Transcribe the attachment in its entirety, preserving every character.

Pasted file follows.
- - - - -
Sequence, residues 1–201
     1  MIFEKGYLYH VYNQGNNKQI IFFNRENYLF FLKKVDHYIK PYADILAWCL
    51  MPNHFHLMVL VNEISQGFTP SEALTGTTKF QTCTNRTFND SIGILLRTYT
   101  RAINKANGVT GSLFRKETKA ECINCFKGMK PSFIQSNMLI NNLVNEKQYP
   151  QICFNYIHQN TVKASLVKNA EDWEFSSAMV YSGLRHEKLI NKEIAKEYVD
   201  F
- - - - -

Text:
Sequence, residues 1–201
     1  MIFEKGYLYH VYNQGNNKQI IFFNRENYLF FLKKVDHYIK PYADILAWCL
    51  MPNHFHLMVL VNEISQGFTP SEALTGTTKF QTCTNRTFND SIGILLRTYT
   101  RAINKANGVT GSLFRKETKA ECINCFKGMK PSFIQSNMLI NNLVNEKQYP
   151  QICFNYIHQN TVKASLVKNA EDWEFSSAMV YSGLRHEKLI NKEIAKEYVD
   201  F